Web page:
Wednesday, December 16, 2009

Cannonball Read - Book 85

Maybe a spoiler or two in this one...

Here's a quick description of The Gates by John Connolly:

"Young Samuel Johnson and his dachshund, Boswell, are trying to show initiative by trick-or-treating a full three days before Halloween, which is how they come to witness strange goings-on at 666 Crowley Road. The Abernathys don't mean any harm by their flirtation with the underworld, but when they unknowingly call forth Satan himself, they create a gap in the universe, a gap through which a pair of enormous gates is visible. The gates to Hell. And there are some pretty terrifying beings just itching to get out...
"Can one small boy defeat evil? Can he harness the power of science, faith and love to save the world as we know it?
"Bursting with imagination and impossible to put down, The Gates is about the pull between good and evil, physics and fantasy. It is about a quirky and eccentric boy, who is impossible not to love, and the unlikely cast of characters who give him the strength to stand up to a demonic power.
"In this wonderfully strange and brilliant novel, John Connolly manages to re-create a the magical and scary world of childhood that we've all left behind but so love to visit. And for those of you who thought you knew everything you could about particle physics and the universe, think again. This novel makes anything seem possible."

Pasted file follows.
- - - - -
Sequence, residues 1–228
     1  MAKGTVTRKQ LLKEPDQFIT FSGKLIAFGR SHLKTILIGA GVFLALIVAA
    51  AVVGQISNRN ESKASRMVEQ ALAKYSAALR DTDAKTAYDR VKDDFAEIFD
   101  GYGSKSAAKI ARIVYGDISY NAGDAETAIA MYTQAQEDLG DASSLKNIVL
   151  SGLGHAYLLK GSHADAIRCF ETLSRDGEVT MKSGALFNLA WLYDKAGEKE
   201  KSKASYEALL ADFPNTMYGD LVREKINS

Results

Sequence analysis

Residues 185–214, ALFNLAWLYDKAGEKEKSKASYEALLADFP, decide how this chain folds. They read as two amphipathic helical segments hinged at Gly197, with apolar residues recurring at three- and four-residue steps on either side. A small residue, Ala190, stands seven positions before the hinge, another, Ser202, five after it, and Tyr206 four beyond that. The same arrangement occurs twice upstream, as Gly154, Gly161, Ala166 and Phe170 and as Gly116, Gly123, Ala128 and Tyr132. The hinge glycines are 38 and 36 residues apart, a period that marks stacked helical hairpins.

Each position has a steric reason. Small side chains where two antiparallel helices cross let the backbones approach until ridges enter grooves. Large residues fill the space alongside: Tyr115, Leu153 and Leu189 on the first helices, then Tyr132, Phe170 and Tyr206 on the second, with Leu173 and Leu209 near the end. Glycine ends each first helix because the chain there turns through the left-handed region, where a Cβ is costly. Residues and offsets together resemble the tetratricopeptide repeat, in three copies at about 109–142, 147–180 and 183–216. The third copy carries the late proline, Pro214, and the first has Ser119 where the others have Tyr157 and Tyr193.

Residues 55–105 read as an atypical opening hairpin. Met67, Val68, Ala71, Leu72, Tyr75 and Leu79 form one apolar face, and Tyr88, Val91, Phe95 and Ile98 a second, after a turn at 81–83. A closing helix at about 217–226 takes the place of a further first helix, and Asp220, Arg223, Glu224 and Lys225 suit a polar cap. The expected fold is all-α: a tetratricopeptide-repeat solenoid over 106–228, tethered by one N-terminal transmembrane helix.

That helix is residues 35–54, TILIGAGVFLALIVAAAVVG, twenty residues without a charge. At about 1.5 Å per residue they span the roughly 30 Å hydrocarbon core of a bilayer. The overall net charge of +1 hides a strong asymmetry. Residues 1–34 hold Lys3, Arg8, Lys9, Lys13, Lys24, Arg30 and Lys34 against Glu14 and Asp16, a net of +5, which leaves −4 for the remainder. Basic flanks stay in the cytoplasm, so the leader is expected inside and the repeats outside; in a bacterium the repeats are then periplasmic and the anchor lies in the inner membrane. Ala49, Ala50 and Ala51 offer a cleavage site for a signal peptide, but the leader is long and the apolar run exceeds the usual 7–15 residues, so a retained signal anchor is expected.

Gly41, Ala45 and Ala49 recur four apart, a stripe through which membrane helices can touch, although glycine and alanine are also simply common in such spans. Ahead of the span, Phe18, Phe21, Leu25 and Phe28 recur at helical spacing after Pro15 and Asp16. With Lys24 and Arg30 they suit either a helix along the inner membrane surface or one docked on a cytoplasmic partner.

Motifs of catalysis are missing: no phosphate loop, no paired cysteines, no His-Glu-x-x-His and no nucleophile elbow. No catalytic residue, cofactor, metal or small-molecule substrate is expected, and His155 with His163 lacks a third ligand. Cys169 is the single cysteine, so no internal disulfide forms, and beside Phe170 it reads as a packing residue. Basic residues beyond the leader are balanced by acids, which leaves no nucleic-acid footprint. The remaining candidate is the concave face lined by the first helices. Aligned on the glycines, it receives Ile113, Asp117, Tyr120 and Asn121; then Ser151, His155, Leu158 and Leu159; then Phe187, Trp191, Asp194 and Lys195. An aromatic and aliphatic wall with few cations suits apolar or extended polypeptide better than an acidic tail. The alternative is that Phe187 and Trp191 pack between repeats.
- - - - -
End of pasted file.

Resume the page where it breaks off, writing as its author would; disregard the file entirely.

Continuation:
Here's what I don't love about that book jacket description: the use of the world "impossible." Really? It was possible to put the book down. It wasn't covered in SuperGlue.

On to my review! This book was really, really good. It had a YA feel to it - and you all know how much I love YA. The characters were really likeable, even the unlikeable ones (you know, like the Devil and his minions, and while I figured that the little boy would win in the end, I was rooting for him nonetheless. You know how sometimes you don't root for the hero because he's, well, the hero, and whether you root for him or not, he's going to win? Not so with The Gates. Maybe the book jacket has it right: Samuel is impossible not to love. And hello!? There's a dog! And he's a thinking, feeling dog, but a dog nonetheless. John Connolly mentions what the dog smells, from the dog's point-of-view, but the dog never talks. Good job, JC. However, I could think of a better breed than a dachshund for Samuel's four-legged friend. Someday I'll tell you about my granddad's evil doxies...

One last thing: I really liked that Samuel has friends. Too often in books like this, the protagonist is all alone in the cold, cold world: an orphan, or an only child, and certainly with no buddies. But Samuel has AWESOME friends, Tom and Maria, as well as a mother who loves him(and Boswell, of course). And rather than alienate me by bucking the formula, the friends drew me in even further.

This 293-page book sure felt a lot shorter. Because I LOVED it.

The Gates - A

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